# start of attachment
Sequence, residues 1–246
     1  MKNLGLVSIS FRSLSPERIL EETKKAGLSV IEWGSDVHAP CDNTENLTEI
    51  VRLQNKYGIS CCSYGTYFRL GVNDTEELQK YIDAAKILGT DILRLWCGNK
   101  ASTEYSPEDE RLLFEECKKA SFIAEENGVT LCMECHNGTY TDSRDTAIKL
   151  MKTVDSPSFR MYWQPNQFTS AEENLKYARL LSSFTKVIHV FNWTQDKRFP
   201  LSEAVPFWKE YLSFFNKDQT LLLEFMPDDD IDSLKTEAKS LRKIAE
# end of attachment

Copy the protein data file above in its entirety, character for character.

Sequence, residues 1–246
     1  MKNLGLVSIS FRSLSPERIL EETKKAGLSV IEWGSDVHAP CDNTENLTEI
    51  VRLQNKYGIS CCSYGTYFRL GVNDTEELQK YIDAAKILGT DILRLWCGNK
   101  ASTEYSPEDE RLLFEECKKA SFIAEENGVT LCMECHNGTY TDSRDTAIKL
   151  MKTVDSPSFR MYWQPNQFTS AEENLKYARL LSSFTKVIHV FNWTQDKRFP
   201  LSEAVPFWKE YLSFFNKDQT LLLEFMPDDD IDSLKTEAKS LRKIAE